March 3, 2015.
When we left our fearsome foursome back in episode one, Capcom had dropped a story bomb on us and cut to black: Next Time on Revelations. Episode two picks up the gameplay and runs with it, at the expense of story exposition. In terms of gameplay, it’s all killer no filler. There’s more action here than in the debut episode, but impressively, there’s also that self-awareness that impressed so much, too.
I wouldn’t dream of spoiling it, but there’s a set piece in Claire’s chapter that feels like a massive nod to Resident Evil 4. Again, as a long-time fan of the series, it made me laugh, as I pondered if it was indeed about to happen, and then, they deliver. It would be almost ugly, if it weren’t so much fun. As you keep grabbing the headshots and killing the mutants (I don’t know what we’re calling them yet, but they aren’t zombies), there’s a sense of fluidity and urgency to the gunplay that really scratches an itch.
New characters are introduced (because you’re not as alone on the island as you thought you were), and although the story doesn’t progress as much as it did in episode one, there is definitely a clear goal revealed, even if there aren’t too many blanks filled in. In fact, further questions arise as the “wow” moment is saved for the very last scene. There are clues throughout episode two as to what’s going on, but they’re either incredibly blatant about it, or there’s a larger narrative hiding. At this stage, it’s tricky to know for certain, though the Kafka quotes certainly suggest strong themes.
Episode two seems to throw a lot more at you – more enemies, but also more weaponry. It’s to be expected, of course, but I found myself having to share the gear out a lot more than previously, so the handy co-op item management system works well. It also introduces proper boss battles, and while not on the scale of an El Gigante, it forces you to change up your tactics a little, and a few of them left me rather panicked.
While Claire’s chapter is incredibly action-focused, Barry’s is a little more stealth-based. That’s not to say you have to play that way, but Natalia’s ability to see enemies coming, coupled with the nature of this particular chapter and episode, meant that I spent far more of my time playing as her than I did in the opening salvo. New enemies are introduced, and while I won’t reveal their exact nature, there’s definitely the chance that if they are prevalent throughout the next episodes, and they could become a frustrating annoyance.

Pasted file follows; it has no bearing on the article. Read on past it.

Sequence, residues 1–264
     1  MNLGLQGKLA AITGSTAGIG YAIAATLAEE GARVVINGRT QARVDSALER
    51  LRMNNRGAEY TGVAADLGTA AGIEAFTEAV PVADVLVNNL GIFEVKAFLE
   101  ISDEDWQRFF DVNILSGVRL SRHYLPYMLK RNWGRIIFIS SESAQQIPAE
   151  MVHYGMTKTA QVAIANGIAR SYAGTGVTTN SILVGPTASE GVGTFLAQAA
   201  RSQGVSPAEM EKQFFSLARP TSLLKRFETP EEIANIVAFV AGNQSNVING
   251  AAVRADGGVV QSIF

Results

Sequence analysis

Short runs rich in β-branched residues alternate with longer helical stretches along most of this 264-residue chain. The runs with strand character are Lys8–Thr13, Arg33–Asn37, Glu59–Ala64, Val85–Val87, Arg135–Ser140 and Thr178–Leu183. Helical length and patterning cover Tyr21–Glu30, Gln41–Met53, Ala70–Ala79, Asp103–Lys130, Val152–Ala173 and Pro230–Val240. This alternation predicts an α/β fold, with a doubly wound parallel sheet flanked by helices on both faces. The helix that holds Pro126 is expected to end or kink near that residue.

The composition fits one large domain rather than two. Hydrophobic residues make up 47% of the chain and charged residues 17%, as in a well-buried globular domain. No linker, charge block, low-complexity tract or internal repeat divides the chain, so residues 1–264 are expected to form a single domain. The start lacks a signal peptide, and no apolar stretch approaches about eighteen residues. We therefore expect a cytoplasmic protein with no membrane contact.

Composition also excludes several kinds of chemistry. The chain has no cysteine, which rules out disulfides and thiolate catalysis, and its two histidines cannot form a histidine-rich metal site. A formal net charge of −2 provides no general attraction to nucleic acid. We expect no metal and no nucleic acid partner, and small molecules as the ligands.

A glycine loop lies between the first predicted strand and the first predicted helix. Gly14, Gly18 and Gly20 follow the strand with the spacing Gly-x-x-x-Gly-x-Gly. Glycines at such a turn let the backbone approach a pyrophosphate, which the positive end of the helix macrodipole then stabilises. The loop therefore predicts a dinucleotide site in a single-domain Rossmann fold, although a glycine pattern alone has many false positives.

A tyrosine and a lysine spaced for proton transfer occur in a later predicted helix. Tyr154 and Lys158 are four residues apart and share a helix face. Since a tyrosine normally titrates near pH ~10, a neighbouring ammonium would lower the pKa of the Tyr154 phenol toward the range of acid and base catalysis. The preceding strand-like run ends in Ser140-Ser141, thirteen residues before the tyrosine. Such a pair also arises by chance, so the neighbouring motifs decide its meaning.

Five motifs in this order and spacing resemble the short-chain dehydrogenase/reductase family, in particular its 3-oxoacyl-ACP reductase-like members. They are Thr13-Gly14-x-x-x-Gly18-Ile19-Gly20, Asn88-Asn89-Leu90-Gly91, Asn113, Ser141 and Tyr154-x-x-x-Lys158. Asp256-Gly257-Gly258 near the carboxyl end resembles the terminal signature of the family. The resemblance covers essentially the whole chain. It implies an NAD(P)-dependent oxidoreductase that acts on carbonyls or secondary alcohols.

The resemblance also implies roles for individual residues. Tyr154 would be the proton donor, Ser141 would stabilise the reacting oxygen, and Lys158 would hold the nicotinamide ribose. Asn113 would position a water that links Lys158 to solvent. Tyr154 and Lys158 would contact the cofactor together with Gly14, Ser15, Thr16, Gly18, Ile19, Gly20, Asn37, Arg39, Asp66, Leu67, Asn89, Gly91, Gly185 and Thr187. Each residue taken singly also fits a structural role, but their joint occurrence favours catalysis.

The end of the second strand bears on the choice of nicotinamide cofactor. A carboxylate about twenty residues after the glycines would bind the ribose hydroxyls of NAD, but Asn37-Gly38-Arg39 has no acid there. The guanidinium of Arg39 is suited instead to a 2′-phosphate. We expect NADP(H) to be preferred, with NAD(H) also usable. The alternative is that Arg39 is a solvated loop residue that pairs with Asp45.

Something that is already wearing thin, however, is the retracing of steps. Like in “Penal Colony” (episode one), once you’ve visited an area as Claire in the opening chapter, the closing chapter sees you play as Barry and follow her lead. I said in my review that it’s a trick they could only really get away with once, and I stand by that. The impact of doing this initially felt interesting – revisiting the devastation of her adventure worked.
But now, playing as Claire you’ll see a small hole and already know that Natalia will be able to use that when you come through there a second time in the next chapter. Story-wise, it makes sense, but it also feels a little lazy. If the next two episodes continue to go that route, it’s going to be a real shame. And that’s before I mention the fact that there are more outdoor environments in this episode, where some of the low-res textures really take the shine off things.
Interestingly, Capcom do appear to understand the episodic gaming structure. Like the first episode, this one leaves you wanting more. Many developers have attempted to do it, but delivering a new episode each week and keeping you wanting more at the end is something few have failed to actually fully achieve. Combine new Raid content with a few new weapons, tools and toys each episode, and it might just be enough to keep it fresh until the end. If they can manage to vary the environments more, then the full package could be something truly great. For now, though, this is a good second episode, that falls slightly short of the excellent opening.
Plenty of action.
Still enjoyably self-aware.
Good mix of stealth to action.
Story doesn't move on much until the end.
Some rough textures.
Revelations 2 continues at a rate of knots, upping the action in favour or slowing the actual story exposition a little.